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Investigation of late time response analysis for security applications

Hutchinson, Simon James (2015) Investigation of late time response analysis for security applications. Doctoral thesis (PhD), Manchester Metropolitan University.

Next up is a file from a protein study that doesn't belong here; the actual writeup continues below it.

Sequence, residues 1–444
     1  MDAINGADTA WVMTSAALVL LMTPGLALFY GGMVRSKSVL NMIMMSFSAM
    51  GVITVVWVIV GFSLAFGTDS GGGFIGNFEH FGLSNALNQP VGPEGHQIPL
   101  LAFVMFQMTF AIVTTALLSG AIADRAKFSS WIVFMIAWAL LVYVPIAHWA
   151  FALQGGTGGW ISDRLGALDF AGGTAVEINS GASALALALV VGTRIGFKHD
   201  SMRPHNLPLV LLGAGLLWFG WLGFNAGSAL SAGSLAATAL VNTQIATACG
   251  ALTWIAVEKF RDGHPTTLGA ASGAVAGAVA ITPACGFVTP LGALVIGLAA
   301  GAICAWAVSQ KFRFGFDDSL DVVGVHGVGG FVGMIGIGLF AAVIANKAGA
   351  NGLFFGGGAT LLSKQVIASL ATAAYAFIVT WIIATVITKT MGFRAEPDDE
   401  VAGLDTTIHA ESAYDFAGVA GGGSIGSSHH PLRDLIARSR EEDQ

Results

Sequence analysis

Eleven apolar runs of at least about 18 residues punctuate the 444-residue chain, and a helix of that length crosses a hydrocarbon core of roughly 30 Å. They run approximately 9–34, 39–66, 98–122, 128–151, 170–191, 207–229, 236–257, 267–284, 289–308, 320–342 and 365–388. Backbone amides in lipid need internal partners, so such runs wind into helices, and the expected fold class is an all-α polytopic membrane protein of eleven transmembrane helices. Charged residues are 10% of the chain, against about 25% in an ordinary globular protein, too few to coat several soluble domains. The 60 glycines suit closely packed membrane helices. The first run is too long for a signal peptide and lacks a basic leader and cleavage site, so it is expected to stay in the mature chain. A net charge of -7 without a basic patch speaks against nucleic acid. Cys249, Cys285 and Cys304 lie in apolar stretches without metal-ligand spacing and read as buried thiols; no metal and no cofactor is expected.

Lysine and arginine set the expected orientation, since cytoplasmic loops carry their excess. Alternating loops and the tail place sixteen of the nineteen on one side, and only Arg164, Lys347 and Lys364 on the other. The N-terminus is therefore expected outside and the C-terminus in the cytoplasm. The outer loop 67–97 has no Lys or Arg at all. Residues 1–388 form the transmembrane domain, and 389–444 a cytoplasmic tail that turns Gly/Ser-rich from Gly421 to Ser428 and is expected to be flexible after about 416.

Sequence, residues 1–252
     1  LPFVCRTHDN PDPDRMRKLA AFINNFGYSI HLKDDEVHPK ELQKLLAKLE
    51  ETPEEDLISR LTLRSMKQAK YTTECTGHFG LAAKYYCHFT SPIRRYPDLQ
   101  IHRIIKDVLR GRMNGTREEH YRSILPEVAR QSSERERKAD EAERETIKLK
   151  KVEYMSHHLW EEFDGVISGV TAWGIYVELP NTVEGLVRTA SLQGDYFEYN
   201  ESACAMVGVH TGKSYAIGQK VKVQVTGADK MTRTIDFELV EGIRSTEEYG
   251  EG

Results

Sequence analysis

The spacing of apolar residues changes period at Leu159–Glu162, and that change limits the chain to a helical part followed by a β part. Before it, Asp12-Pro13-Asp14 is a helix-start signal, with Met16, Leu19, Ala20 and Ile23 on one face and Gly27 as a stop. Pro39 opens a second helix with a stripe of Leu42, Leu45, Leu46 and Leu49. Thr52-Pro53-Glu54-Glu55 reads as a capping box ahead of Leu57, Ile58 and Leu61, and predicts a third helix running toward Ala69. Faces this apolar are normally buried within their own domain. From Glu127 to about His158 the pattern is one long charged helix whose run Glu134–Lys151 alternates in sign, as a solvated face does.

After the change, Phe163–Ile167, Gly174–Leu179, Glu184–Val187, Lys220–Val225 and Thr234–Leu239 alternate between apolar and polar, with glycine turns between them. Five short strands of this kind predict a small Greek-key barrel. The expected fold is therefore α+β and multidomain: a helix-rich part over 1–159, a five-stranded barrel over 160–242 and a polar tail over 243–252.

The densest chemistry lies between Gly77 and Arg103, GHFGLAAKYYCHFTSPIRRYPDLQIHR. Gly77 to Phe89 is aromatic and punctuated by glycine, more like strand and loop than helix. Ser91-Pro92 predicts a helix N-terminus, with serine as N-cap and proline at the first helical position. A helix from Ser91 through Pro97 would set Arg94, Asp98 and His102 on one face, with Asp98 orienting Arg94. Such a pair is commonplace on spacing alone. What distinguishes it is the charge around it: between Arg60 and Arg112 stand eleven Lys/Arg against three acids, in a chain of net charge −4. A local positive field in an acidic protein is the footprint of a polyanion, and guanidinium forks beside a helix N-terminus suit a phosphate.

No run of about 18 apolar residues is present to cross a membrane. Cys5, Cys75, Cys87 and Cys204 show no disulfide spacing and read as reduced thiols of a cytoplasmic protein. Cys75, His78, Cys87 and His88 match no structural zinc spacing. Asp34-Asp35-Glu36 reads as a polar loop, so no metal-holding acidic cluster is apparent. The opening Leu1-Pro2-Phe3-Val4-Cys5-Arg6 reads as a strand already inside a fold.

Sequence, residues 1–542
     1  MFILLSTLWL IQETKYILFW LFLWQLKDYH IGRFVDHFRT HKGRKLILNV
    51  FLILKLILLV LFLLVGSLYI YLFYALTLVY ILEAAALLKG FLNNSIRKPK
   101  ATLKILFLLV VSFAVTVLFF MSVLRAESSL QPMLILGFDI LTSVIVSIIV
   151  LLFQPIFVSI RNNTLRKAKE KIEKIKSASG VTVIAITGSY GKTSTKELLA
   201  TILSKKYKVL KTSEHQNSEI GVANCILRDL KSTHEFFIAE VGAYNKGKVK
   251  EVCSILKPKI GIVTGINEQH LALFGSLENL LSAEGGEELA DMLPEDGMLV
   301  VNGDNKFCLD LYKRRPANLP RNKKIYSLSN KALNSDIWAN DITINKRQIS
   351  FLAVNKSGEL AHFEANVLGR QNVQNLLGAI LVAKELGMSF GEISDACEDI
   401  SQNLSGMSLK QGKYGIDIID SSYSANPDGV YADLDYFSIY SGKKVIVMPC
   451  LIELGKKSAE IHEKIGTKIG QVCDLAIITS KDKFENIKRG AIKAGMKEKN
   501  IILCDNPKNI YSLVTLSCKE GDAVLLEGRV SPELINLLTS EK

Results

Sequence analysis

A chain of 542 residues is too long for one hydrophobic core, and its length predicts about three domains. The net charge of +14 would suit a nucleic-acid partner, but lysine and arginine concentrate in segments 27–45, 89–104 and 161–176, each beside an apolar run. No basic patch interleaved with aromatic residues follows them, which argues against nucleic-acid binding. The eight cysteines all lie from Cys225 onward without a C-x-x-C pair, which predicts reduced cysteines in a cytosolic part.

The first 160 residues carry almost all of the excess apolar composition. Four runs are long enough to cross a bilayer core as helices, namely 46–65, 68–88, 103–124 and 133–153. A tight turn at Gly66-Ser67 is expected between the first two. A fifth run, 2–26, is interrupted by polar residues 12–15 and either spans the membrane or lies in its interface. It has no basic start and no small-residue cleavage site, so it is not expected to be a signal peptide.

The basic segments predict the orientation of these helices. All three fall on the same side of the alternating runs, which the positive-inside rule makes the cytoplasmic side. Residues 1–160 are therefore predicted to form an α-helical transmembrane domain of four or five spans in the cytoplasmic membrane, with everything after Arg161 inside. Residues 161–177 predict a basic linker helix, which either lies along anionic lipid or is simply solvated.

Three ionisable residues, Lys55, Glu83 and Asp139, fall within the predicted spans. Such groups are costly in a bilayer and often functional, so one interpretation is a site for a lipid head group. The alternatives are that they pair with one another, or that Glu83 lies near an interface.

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The risk of armed attack by individual’s intent on causing mass casualties against soft targets, such as transport hubs continues. This has led to an increased need for a robust, reliable and accurate detection system for concealed threat items. This new system will need to improve upon existing detection systems including portal based scanners, x-ray scanners and hand held metal detectors as these all suffer from drawbacks of limited detection range and relatively long scanning times. A literature appraisal has been completed to assess the work being undertaken in the relevant field of Concealed Threat Detection (CTD). From this Ultra-Wide Band (UWB) radar has been selected as the most promising technology available for CTD at the present. UWB radar is provided by using Frequency Modulated Continuous Waves (FMCW) from laboratory test equipment over a multi gigahertz bandwidth. This gives the UWB radar the ability to detect both metallic and dielectric objects. Current published results have shown that it is possible to use the LTR technique to detect and discriminate both single objects isolated in air and multiple objects present within the same environment. A Vector Network Analyser (VNA) has been used to provide the Ultra-Wide Band (UWB) Frequency Modulated Continuous Wave (FMCW) radar signal required for the LTR technique. This thesis presents the application of the Generalized Pencil-of-Function (GPOF), Dual Tree Wavelet Transform (DTWT) and the Continuous Wavelet Transform (CWT), both real and complex valued, in Late Time Response (LTR) security analysis to produce a viable detection algorithm. Supervised and unsupervised Artificial Neural Networks (ANN) have been applied to develop a successful classification scheme for Concealed Threat Detection (CTD) in on body security screening. Signal deconvolution and other techniques have been applied in post processing to allow for extraction of the LTR signal from the scattered return. Data vectorization has been applied to the extracted LTR signal using an unsupervised learning based ANN to prepare data for classification. Classification results for both binary threat/non-threat classifiers and a group classifier are presented. The GPOF method presented true positive classification results approaching 72% with wavelet based methods offering between 98% and 100%.

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